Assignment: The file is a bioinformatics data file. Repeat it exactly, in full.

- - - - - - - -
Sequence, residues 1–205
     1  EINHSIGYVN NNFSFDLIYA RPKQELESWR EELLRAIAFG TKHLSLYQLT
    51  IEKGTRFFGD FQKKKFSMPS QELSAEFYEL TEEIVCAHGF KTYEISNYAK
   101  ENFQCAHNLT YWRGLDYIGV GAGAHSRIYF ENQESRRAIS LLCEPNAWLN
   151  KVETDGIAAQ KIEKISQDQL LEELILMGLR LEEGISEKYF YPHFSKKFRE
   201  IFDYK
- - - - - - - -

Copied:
Sequence, residues 1–205
     1  EINHSIGYVN NNFSFDLIYA RPKQELESWR EELLRAIAFG TKHLSLYQLT
    51  IEKGTRFFGD FQKKKFSMPS QELSAEFYEL TEEIVCAHGF KTYEISNYAK
   101  ENFQCAHNLT YWRGLDYIGV GAGAHSRIYF ENQESRRAIS LLCEPNAWLN
   151  KVETDGIAAQ KIEKISQDQL LEELILMGLR LEEGISEKYF YPHFSKKFRE
   201  IFDYK